Are we all becoming numb to the numbers?

In the league table of excuses given to construction workers by their bosses for not paying them on time, the one reported in a recent edition of the Kuwait-based Arab Times, must take the cake. It was a story about 100 Chinese labourers who were owed eight months in unpaid wages. Unfortunately, we have all become a bit anaesthetized to stories such as this one.

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By  Sean Cronin Published  January 21, 2006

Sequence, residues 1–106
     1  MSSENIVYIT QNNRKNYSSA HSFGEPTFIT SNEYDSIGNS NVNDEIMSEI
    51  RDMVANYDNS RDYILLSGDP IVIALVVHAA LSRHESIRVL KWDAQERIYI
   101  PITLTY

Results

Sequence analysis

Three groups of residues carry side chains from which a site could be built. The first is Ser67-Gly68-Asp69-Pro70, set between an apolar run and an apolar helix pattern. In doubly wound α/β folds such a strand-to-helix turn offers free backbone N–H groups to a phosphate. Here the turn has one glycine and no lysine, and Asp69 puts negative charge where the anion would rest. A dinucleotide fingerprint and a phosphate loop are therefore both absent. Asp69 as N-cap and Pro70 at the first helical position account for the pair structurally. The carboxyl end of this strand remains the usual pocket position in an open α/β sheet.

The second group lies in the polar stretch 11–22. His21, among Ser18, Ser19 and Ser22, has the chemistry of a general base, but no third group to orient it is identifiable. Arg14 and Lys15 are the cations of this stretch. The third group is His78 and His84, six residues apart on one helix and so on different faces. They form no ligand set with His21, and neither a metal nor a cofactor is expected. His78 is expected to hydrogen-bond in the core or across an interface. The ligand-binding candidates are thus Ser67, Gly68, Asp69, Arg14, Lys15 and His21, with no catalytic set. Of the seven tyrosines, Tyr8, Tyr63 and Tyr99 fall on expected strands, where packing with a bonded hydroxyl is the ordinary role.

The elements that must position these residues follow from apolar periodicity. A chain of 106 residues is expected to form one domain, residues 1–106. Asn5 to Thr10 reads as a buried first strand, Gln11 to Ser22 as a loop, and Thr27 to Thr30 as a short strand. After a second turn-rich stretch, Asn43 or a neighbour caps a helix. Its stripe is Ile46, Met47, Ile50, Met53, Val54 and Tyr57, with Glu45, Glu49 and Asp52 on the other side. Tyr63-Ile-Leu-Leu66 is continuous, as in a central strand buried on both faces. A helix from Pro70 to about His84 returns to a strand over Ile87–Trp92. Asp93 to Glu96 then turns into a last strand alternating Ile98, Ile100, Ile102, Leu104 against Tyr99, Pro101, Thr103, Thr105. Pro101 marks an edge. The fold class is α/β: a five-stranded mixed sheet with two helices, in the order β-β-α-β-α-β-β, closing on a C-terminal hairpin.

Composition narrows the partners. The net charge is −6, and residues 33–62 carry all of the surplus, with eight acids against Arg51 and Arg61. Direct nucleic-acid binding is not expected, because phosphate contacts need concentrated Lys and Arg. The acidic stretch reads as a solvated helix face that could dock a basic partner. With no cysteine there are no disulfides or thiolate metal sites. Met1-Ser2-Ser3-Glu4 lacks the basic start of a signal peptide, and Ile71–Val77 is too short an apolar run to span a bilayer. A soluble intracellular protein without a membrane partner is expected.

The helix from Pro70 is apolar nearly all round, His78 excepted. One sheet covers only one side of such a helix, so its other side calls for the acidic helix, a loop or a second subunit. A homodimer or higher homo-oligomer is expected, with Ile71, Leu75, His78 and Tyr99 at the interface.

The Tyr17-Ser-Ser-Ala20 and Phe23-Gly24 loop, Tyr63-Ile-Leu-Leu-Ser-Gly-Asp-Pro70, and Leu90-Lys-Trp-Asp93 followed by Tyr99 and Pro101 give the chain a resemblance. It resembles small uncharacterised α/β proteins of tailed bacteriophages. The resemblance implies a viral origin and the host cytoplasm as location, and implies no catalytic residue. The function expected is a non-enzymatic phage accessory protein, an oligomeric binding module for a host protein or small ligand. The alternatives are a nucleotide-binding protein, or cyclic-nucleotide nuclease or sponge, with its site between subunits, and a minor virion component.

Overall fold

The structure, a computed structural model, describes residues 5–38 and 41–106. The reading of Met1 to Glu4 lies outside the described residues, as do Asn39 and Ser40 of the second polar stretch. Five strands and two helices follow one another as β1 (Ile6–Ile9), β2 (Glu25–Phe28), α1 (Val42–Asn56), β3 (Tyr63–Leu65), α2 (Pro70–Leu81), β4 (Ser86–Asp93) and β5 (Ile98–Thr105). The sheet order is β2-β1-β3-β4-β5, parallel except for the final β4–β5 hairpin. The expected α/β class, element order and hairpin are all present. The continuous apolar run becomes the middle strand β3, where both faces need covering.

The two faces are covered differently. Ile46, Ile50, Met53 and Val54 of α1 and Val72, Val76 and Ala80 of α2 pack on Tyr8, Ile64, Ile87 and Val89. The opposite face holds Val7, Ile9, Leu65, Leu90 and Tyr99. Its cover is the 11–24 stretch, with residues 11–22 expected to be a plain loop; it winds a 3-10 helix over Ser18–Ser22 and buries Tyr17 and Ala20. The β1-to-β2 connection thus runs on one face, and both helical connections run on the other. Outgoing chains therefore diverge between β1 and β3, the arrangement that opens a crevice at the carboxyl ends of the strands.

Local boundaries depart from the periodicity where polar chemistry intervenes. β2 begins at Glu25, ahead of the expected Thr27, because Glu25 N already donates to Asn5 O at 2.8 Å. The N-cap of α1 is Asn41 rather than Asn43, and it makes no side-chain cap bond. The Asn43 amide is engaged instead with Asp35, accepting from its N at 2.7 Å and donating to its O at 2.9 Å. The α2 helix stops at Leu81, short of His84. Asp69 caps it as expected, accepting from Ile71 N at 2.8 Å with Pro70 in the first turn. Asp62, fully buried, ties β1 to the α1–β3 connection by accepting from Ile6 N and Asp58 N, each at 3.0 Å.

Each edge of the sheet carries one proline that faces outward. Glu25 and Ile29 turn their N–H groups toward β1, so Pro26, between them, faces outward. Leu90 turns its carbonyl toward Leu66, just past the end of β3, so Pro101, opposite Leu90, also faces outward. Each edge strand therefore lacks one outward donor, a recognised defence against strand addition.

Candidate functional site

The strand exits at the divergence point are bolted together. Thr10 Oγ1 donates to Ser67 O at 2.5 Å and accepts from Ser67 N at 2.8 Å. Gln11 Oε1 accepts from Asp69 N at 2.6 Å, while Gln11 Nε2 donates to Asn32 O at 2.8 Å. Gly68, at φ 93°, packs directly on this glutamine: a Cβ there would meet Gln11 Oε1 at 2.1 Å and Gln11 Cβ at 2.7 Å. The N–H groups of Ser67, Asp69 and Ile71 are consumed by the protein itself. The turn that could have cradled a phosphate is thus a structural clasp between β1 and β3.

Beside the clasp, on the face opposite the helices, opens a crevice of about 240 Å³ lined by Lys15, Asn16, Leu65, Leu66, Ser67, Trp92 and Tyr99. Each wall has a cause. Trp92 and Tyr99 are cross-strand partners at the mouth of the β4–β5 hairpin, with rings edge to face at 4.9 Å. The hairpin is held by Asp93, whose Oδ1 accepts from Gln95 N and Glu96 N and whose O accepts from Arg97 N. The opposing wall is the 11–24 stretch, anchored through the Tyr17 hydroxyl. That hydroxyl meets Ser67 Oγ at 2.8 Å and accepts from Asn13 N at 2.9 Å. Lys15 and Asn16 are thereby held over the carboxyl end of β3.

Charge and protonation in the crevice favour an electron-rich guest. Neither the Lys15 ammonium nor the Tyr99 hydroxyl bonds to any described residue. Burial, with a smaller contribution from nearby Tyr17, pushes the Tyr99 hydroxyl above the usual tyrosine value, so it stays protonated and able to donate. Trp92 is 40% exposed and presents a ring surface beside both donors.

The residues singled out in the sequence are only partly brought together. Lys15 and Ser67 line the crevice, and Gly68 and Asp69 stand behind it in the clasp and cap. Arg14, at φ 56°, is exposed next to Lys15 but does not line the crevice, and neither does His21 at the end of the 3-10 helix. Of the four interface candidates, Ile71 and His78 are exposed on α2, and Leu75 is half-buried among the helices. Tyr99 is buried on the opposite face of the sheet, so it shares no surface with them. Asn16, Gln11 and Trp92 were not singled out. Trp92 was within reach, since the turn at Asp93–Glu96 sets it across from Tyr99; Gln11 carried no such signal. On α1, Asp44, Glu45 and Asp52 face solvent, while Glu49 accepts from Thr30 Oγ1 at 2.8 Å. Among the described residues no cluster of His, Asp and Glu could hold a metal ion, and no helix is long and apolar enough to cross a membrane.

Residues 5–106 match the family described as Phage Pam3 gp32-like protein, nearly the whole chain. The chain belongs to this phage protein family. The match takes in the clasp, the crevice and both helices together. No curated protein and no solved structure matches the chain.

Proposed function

|~||~||~|In the league table of excuses given to construction workers by their bosses for not paying them on time, the one reported in a recent edition of the Kuwait-based Arab Times, must take the cake. It was a story about 100 Chinese labourers who were owed eight months in unpaid wages. Unfortunately, we have all become a bit anaesthetized to stories such as this one. Newspapers throughout the Gulf carry reports about pay disputes involving construction workers almost every day. The only difference between them usually, is how much money is owed and how many workers it is owed to. But the reason given for not paying these labourers the money that was owed to them, is deserving of a special mention. After taking their protest to the Chinese ambassador last week, the men were approached by a representative of their employer who informed them that if they had read the small print of their contracts, they would know that they were not due to be paid any wages at all for two years. Yes, that’s right — two years! “This is to ensure the labourers do not ‘waste’ their money on vices like gambling and drinking,’’ the paper reported the official as saying. Yes, that must be a very serious concern in a dry country where gambling is illegal. While the 100 Chinese workers in Kuwait struggled to get paid, around 1500 south Asian workers took to the streets in Sharjah — some of them owed up to four months in unpaid wages. If the governments of the region continue to allow labour agents to withhold wages owed to construction workers it is up to the industry to ensure that those labour agents are not repeatedly given business — otherwise it amounts to tacit support of what can only be described as despicably exploitative recruitment practices. Another story that the industry here has become anaesthetized to is the health and safety of site workers. Perhaps the most alarming thing about the statistics released this week by Dubai Municipality is not the number of deaths themselves (although they are shockingly high for one city), but the number of people killed as a result of falls from height — 22 from a total of 39 deaths. Are harnesses and edge protection really that expensive? Sean Cronin Editor||**||

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